Squirrels come in all shapes and sizes. However, almost all squirrels are small in stature, even by rodents’ standards. The smallest species of squirrel is the African pygmy which is only eight or nine centimeters long and less than 10 ounces in weight. On the other extreme of the spectrum, the Laotian giant flying squirrel is over a whole meter in length.
Quick Squirrel Facts
Now that we have covered the zaniest squirrel facts out there, let’s now go over some of our favorite quick facts about squirrels. These facts cover essential aspects of squirrels as well as lesser-known, fascinating bits of trivia.
What’s in a Name?
The origin of the word “squirrel” comes from the Greek word “skiouros,” which roughly translates to “shadow-tailed”. This is a reference to the squirrel’s bushy tail. The word first appeared in English in the early 14th century.
Squirrels Are Worldwide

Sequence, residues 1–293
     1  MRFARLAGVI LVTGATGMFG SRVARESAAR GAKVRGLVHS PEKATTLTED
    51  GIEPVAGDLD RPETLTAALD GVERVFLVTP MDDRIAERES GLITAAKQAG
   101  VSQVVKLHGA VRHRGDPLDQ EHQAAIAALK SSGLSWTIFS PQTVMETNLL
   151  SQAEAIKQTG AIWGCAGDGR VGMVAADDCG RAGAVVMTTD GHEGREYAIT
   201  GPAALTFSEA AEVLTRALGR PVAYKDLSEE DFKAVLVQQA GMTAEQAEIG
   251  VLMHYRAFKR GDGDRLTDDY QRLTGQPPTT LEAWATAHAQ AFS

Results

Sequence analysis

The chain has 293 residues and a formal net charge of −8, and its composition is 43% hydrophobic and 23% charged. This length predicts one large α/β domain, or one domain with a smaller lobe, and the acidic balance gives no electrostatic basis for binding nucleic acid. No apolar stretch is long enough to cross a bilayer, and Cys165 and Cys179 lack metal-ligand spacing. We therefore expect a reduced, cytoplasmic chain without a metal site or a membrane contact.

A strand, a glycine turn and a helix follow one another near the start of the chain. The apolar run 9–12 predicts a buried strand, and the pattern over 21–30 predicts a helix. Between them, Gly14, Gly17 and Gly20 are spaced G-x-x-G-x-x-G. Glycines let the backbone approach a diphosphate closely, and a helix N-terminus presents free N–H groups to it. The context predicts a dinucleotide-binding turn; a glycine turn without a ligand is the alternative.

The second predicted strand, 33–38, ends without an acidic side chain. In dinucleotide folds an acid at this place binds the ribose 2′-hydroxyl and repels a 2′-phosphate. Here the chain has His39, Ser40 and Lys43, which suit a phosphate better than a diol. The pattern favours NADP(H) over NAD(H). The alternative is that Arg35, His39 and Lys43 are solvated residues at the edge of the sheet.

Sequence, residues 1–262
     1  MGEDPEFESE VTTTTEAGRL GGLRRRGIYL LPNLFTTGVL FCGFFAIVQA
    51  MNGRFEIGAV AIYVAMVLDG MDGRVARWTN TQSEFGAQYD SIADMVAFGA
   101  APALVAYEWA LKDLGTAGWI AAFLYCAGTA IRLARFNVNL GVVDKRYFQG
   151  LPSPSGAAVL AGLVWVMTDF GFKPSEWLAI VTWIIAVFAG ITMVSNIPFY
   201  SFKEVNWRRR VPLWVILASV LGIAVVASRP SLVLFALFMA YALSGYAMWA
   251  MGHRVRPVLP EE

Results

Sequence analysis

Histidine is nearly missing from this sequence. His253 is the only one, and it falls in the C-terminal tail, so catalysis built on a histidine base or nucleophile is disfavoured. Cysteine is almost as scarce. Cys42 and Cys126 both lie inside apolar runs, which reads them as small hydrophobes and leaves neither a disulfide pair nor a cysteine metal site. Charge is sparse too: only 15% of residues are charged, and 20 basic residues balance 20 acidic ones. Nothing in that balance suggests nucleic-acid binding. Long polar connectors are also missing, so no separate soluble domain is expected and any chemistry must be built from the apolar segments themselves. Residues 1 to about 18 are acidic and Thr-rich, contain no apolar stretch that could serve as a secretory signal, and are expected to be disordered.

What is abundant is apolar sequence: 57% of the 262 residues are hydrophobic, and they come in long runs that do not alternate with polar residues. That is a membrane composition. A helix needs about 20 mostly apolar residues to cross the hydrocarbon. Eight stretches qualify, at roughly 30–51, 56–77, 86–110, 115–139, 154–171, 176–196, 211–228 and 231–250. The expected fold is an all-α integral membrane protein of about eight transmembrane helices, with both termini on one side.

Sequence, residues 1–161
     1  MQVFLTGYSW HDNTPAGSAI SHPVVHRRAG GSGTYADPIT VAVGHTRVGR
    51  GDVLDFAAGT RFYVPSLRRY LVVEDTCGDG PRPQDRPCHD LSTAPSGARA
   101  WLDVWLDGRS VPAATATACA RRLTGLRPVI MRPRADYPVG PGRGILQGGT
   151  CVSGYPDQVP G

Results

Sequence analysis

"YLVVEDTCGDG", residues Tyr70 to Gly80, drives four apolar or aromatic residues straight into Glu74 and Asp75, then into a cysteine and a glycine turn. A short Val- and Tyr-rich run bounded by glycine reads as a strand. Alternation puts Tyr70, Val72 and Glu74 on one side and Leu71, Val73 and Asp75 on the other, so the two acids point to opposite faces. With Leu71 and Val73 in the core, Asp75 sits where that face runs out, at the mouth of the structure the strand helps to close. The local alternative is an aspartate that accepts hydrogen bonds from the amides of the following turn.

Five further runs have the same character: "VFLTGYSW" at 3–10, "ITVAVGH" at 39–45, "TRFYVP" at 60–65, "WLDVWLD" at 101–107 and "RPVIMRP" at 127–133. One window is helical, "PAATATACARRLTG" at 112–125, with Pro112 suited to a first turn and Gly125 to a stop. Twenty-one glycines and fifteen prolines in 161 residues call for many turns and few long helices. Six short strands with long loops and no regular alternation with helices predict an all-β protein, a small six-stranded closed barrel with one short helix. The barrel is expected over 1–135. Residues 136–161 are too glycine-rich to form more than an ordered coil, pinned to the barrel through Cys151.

Squirrels are a species found on all corners of the earth. With nearly 300 species of squirrels, you can find some variation of a squirrel in every permanently inhabited continent except for Australia.
Small but Mighty
The arctic ground squirrel, which is one of the only squirrel species indigenous to the northern Arctic, has a unique ability. These squirrels are the only warm-blooded mammal able to survive prolonged body temperatures in sub-zero temperatures during hibernation.
In Southern California in 2013, local police quarantined a community after an infected squirrel was found. That squirrel was deemed responsible for the death of a teenage boy who had contacted the squirrel earlier.
One-Liner Squirrel Facts
Haven’t gotten your fill of squirrel facts yet? To wrap things up, we put together a list of our favorite fast squirrel facts. Since they are so short and succinct, these facts are great for memorizing and reciting if you want to impress your friends.
Squirrels can jump horizontally to distances of up to 20 feet.
Squirrels can run up to 32 kilometers an hour if necessary to escape a predator.
Squirrels only have four toes, with razor-sharp nails on each for easier climbing.
Squirrels can smell their mates from miles away when in heat.
Acorns are the favorite food for many European and North American squirrel species.
Squirrels typically mate of a period of four months during the late winter and spring.
Female squirrels become pregnant for roughly six weeks until ready to give birth.